Lawrence Halprin (1916-2009) (below right), one of the most celebrated American landscape architects, would have turned 100 years old this month. Born to a Jewish family in the Bronx and raised in Brooklyn, with an upbringing he referred to as a “tribal” experience, he went on to design parks, gardens, and monuments around the country.
A self-declared Socialist, he spent several of his formative years outside of Haifa, then Palestine, working on a kibbutz (a communal farm). When Halprin returned to the U.S. he trained under modern architects Walter Gropius and Marcel Brauer at Harvard and was inspired by Frederick Law Olmsted whose work was pivotal in the creation of many of the National Parks.
Born in the same year that the National Park Service was created, Halprin worked primarily in urban settings. Influenced by the Modernism of his teachers, Halprin believed that the urban landscape functioned as the everyday backyard for city residents. He imagined that people would interact and engage with his spaces. Halprin declared that the modern landscape should be a real, tangible and visceral space. Unlike a park in the wilderness, people lived with the modern landscape not merely visited it.
His results have been mixed.
When Halprin designed the UN Plaza (below) in San Francisco in 1977, he envisioned people interacting with a modern constructed landscape. Halprin’s design included a 165-foot-long fountain, with 673 blocks of granite weighing approximately three to four million tons. He was in love with the design and claimed to be the first designer to create a space that could actually be used by people.
The fountain commemorated the signing of the UN Charter in San Francisco, included a quote from Franklin Roosevelt, represented the seven continents of the world, and was designed with fountains operating on timed pumps mimicking the ebb and flow of the tides.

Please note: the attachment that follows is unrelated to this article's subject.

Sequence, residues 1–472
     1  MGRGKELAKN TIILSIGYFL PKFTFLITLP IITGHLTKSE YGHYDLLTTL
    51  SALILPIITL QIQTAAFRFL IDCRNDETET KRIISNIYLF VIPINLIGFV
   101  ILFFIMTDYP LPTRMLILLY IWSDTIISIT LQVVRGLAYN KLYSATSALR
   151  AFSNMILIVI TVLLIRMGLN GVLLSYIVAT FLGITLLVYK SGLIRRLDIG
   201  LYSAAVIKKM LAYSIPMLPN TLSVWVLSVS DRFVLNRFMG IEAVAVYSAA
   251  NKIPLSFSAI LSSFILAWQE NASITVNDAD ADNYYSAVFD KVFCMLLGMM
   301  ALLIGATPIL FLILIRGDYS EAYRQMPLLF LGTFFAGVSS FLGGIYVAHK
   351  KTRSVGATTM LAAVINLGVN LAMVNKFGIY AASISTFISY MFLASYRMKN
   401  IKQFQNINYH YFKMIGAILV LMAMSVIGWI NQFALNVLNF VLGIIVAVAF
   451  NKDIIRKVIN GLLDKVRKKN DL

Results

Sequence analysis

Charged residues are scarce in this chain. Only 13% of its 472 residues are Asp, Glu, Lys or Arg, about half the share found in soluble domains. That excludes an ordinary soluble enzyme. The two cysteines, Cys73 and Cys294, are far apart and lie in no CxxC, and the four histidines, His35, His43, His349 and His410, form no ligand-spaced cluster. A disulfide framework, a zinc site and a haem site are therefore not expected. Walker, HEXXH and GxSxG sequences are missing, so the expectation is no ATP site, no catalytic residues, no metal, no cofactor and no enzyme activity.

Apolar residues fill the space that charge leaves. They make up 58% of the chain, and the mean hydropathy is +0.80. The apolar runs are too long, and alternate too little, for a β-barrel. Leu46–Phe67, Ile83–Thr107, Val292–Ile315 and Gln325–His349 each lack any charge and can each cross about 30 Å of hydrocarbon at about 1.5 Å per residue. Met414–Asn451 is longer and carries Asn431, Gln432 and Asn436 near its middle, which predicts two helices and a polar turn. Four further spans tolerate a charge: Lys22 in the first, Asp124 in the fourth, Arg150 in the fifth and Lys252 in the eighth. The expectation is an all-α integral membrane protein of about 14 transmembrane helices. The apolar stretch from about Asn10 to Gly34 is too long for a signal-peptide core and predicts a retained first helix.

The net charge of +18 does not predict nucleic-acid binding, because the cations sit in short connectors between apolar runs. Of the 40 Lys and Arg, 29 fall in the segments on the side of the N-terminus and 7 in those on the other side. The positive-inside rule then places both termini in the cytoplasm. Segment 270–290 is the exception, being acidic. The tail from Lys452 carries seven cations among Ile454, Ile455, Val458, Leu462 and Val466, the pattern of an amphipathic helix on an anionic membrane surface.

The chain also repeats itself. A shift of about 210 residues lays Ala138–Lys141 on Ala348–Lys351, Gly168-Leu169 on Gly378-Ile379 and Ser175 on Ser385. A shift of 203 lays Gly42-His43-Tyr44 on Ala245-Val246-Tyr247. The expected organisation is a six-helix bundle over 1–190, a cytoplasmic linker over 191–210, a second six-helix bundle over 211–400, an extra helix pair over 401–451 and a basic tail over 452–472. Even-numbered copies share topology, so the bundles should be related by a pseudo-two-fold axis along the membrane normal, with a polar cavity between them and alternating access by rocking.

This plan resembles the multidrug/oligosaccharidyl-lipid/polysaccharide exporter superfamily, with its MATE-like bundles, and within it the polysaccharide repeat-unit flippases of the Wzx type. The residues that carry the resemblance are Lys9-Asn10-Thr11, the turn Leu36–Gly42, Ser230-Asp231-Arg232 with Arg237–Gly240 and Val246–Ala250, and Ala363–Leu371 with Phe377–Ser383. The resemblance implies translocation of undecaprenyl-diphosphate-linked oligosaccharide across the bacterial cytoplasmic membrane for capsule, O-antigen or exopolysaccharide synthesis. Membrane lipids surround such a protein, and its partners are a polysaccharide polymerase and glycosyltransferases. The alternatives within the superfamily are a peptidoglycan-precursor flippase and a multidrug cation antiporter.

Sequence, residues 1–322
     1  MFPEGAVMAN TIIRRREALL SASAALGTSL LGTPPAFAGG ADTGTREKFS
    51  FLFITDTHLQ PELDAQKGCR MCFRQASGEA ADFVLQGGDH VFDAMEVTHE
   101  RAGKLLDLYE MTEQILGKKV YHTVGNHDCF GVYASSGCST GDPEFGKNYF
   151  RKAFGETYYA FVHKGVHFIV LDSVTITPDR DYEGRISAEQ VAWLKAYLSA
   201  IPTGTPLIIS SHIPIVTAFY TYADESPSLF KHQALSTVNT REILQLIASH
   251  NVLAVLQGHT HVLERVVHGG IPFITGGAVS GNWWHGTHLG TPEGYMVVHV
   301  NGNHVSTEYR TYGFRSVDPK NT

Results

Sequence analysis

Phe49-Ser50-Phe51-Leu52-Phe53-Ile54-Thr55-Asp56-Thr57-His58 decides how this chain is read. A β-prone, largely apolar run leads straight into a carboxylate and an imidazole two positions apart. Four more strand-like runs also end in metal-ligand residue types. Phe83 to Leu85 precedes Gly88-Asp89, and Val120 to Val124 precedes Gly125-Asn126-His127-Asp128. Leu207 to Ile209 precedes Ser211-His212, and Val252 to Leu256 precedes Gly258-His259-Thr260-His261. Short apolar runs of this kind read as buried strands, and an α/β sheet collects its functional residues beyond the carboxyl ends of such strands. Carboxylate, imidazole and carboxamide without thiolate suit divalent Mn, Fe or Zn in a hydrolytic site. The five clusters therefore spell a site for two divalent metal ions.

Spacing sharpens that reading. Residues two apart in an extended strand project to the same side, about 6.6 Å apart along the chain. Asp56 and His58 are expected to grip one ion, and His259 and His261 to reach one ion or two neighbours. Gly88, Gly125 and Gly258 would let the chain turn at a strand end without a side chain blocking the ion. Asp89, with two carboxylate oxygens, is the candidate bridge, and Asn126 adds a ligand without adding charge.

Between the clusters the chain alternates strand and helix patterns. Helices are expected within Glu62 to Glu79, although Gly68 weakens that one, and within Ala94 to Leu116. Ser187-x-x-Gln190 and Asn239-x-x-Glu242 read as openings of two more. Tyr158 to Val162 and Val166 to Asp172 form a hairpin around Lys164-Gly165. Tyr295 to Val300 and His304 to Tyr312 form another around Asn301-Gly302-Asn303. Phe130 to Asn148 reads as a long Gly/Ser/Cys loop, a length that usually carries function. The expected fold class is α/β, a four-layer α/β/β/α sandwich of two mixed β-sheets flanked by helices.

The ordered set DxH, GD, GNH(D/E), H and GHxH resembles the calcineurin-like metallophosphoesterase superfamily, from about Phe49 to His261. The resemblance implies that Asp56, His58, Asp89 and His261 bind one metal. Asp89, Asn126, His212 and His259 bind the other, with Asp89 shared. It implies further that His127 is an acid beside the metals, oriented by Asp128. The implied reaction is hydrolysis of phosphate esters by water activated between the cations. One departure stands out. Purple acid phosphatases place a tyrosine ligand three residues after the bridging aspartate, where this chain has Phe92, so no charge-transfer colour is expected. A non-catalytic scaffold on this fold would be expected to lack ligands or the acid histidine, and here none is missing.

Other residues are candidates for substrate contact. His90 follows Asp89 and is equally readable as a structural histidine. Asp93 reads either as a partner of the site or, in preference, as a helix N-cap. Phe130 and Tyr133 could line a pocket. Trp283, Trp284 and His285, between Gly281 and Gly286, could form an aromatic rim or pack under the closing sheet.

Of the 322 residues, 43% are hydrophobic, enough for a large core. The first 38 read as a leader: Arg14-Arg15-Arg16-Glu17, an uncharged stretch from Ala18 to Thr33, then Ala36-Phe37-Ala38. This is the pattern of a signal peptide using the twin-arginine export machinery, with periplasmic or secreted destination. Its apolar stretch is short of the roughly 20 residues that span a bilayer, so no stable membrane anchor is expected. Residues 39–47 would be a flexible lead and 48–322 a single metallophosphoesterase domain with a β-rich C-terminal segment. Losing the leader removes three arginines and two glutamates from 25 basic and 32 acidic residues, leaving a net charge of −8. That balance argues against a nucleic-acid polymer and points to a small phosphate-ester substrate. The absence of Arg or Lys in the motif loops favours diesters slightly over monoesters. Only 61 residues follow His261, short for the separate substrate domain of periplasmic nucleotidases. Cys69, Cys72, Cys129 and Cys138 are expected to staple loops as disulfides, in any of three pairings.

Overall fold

The UN Plaza is located where Market and Levenworth streets would have intersected, just South of the Tenderloin District. The “TL” as the Tenderloin is often referred, has been a high crime area with a large homeless population.
Critics ridiculed the plaza.
The fountain never worked as designed because the pump system was never maintained. The homeless moved in. Now nicknamed “urination plaza,” Halprin’s fountain, designed with hidden corners, became a public toilet, a place to have sex or for homeless to sleep. People did everything in the fountain. One individual interviewed in the 2004 documentary about the failure of the UN Plaza, “Biography of 100,000 square feet,” claimed that she witnessed an individual shoot up drugs at one end of the fountain, walk to the other end and die.
This was not the “interactivity” Halprin had in mind.
Ever since the fountain was opened, the city of San Francisco has been trying to fix its problems. A farmer’s market moved in to promote additional activity in the plaza, and the city took preventive measures to keep the homeless out such as removing benches, and in 2004, installing a yellow chain-linked fence around the fountain.
Today water continues to flow in the fountain (albeit still no pump-created tides), and the fence is gone, but many of its problems are still unresolved. Some say that the fountain’s issues are symptoms of bad design and others argue that the plaza itself disrupted the “natural” space of the city by blocking what would have just been a normal intersection, thus causing even more chaos in a high-crime area.